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here's a simple OpenCL Matrix Multiplication kernel which is driving me crazy:

By the way I am using pyopencl.

__kernel void matrixMul(  __global int* C,
                          __global int* A,
                          __global int* B,
                          int wA, int wB){

                int row = get_global_id(1); //2D Threas ID x
                int col = get_global_id(0); //2D Threas ID y

                //Perform dot-product accumulated into value
                int value = 0;
                for ( int k = 0; k < wA; k++ ){
                    value += A[row*wA + k] * B[k*wB+col];
                }
                C[row*wA+col] = value; //Write to the device memory
            }

Where (inputs)

A = [72 45
     75 61]
B = [26 53 
     46 76]
wA = wB = 2

Output I am getting:

Sometime I get:

C = [3942 0
     0 5472]

Else I get:

C = [3942 7236
     3312 5472]

But the output should be:

C = [3942 7236
     4756 8611]

I don't know what mistake I am making here. I have spent the entire day with no luck.

Please help me with this

Here's the full python code:

import pyopencl as cl
import numpy as np
import os

ORDER = 2
LEN = ORDER*ORDER
ctx = cl.create_some_context()

commandQueue = cl.CommandQueue( ctx )

A = np.array((72, 45, 75, 61), dtype = np.int32)
B = np.array((26, 53, 46, 76), dtype = np.int32)
C = np.empty_like(A)

in_buf1 = cl.Buffer( ctx, cl.mem_flags.READ_ONLY | cl.mem_flags.COPY_HOST_PTR,
                 hostbuf = A )
in_buf2 = cl.Buffer( ctx, cl.mem_flags.READ_ONLY | cl.mem_flags.COPY_HOST_PTR,
                 hostbuf = B )
out_buf = cl.Buffer( ctx, cl.mem_flags.WRITE_ONLY, C.nbytes )

kernelSrc1 = """__kernel void
            matrixMul(  /*const int Mdim,
                        const int Ndim,
                        const int Pdim,*/
                        __global int* C,
                        __global int* A,
                        __global int* B,
                        int wA, int wB)
           {
                int row = get_global_id(1); //2D Threas ID x
                int col = get_global_id(0); //2D Threas ID y                

                //Perform dot-product accumulated into value
                int value = 0;
                for ( int k = 0; k < wA; k++ ){
                    value += A[row*wA + k] * B[k*wB+col];
                }
                C[row*wA+col] = value; //Write to the device memory
            }"""

program1 = cl.Program(ctx, kernelSrc1 ).build()
event1 = program1.matrixMul( commandQueue, (LEN, ), None,
                     out_buf, in_buf1, in_buf2, np.int32(ORDER), np.int32(ORDER));
event1.wait()

cl.enqueue_copy(commandQueue, C, out_buf)
print C

I am using Python 2.7.x, pyopencl 2012.1, AMD APP SDK

share|improve this question
2  
Looks good to me. Are you sure you're reading the values back correctly (e.g. try "C[row*wA+col]=1;" and see if you get C=[1,1,1,1])? –  Ian Mallett Oct 21 '12 at 18:08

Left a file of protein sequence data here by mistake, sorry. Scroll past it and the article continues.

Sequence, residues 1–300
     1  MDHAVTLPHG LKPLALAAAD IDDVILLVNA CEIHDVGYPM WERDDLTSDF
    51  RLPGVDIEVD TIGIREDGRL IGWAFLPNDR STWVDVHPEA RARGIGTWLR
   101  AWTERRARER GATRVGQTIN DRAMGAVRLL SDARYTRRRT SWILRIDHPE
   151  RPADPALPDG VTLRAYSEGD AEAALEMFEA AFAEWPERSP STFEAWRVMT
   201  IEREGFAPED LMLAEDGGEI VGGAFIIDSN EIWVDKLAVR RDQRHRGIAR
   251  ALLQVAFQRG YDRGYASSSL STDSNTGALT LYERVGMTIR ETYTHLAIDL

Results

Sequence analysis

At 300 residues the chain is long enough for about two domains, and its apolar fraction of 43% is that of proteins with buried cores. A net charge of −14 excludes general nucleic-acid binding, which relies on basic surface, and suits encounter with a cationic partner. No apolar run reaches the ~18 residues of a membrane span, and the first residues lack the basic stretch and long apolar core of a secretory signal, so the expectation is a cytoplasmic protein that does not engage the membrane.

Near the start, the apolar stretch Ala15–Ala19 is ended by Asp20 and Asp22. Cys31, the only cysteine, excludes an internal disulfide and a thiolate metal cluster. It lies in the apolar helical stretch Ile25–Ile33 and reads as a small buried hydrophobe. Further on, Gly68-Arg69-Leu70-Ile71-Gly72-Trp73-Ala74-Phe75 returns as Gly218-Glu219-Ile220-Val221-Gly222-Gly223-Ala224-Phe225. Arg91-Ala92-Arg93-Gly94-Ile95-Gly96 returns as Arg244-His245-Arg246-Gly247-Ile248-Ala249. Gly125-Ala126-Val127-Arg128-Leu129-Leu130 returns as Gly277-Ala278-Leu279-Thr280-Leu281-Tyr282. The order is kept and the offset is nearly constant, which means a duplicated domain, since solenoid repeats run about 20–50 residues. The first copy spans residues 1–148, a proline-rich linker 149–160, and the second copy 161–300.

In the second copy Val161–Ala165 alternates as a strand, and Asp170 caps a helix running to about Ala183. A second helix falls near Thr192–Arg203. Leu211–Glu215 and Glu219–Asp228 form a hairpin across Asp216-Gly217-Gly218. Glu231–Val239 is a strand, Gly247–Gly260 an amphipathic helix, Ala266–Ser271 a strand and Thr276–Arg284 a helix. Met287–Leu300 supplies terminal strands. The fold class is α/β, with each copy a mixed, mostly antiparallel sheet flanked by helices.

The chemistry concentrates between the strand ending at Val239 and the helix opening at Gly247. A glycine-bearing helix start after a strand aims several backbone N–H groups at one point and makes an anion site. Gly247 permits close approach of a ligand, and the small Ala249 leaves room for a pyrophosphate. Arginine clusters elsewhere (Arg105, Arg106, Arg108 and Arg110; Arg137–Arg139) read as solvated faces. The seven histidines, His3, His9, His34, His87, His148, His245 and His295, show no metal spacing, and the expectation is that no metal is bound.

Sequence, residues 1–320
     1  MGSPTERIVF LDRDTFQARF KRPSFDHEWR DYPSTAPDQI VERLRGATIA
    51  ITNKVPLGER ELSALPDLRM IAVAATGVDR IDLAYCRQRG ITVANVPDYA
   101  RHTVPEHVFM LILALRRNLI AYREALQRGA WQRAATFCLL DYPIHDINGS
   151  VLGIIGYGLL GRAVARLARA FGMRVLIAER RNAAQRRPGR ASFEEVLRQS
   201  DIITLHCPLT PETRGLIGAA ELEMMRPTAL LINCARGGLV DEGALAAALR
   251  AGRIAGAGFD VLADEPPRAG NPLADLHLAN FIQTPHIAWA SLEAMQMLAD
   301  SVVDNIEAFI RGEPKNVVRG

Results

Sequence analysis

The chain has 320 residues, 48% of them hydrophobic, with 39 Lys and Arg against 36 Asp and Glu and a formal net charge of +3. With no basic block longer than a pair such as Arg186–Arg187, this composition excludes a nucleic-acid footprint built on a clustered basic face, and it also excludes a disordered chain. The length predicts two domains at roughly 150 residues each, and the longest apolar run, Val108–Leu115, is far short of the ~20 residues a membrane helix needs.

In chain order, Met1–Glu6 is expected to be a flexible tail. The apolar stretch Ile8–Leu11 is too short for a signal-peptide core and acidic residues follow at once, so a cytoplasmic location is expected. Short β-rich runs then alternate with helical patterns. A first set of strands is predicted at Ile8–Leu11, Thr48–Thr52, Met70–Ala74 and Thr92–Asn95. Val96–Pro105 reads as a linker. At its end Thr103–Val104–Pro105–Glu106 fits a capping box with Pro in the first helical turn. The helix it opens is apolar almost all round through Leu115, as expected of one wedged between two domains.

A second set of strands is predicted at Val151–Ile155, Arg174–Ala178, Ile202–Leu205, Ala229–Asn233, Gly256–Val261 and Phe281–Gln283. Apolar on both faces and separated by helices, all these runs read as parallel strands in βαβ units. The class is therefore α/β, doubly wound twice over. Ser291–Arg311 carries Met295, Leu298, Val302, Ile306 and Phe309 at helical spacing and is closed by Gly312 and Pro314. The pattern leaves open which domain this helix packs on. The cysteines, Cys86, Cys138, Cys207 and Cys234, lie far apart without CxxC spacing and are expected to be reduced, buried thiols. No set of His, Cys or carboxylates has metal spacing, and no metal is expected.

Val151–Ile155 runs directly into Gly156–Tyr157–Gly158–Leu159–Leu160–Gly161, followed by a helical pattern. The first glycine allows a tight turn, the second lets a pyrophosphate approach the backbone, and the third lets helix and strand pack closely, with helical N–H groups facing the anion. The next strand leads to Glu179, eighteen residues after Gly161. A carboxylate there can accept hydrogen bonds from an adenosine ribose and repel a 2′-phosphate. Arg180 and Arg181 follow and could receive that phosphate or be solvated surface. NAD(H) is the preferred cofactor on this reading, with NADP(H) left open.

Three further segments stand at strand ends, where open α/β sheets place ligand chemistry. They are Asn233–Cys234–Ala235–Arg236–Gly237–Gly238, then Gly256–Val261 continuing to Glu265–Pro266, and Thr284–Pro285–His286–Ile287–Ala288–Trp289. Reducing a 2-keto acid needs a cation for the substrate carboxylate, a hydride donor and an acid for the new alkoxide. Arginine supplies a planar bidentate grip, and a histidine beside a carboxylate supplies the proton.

@Ian Mallett: I did what you told and I am getting C=[1, 1, 1, 1]. So I guess its not reading back the values. By the way, I edited my post to the actual wrong answer I am getting, I mean I am getting c[1,0] = 0 and not 4756. Sorry I dint check before posting the question. –  Yash Oct 21 '12 at 18:30
    
Can you post the python code too, so we can see how you are calling it? –  K. Brafford Oct 21 '12 at 18:32
    
@K. Bradfford: I have edited my post to include the full python code. –  Yash Oct 21 '12 at 18:44
1  
Expected output's first value should be 3942, not 3943. –  Ian Mallett Oct 21 '12 at 19:03

1 Answer 1

up vote 6 down vote accepted

You are setting your global size argument incorrectly. Since you are using two dimensions of global size in your kernel, you need to set your global size to (ORDER,ORDER). When you change it to that, you get:

[3942 7236
 4756 8611]
share|improve this answer
    
Thank you very much. I got the answer. But I have one more question, I am using the matrix width size 'wA' and 'wB' to access 1D array as matrix hence why is not working if I pass global size as 1D array? –  Yash Oct 22 '12 at 7:07
1  
Because you are using the X and Y dimensions in your kernel: int row = get_global_id(1); int col = get_global_id(0); If you really wanted to set your global size to (LEN,1), you would need to calculate your row,col values in your kernel something like this: int row = get_global_id(0) / wB; int col = get_global_id(0) % wA; –  K. Brafford Oct 22 '12 at 10:34
1  
However that would be less maintainable. You would be better off if you kept accessing your data in the kernel the way you are doing it now, use (ORDER, ORDER) as your global size, and change your numpy array creation to this: A = np.array(((72, 45), (75, 61)), dtype = np.int32); B = np.array(((26, 53), (46, 76)), dtype = np.int32) so that everything matches up when you and others read your code. –  K. Brafford Oct 22 '12 at 10:37
1  
BTW the reason that the kernel still works when you declare the np array as a 1D array, and access it like a 2D array in your kernel is that both arrays look exactly the same in memory as far as both numpy and the kernel are concerned. They are both just 4 32-bit bytes in memory. –  K. Brafford Oct 22 '12 at 10:38
1  
Thanks a lot. You helped me more than you think you did cos the next step for me will be to implement Hausdorff Distance in OpenCL for my project and I needed to understand the basics of OpenCL for it. I have been on this for 3 continuous days.....Now am at peace there is a lot more to learn.... –  Yash Oct 22 '12 at 11:05

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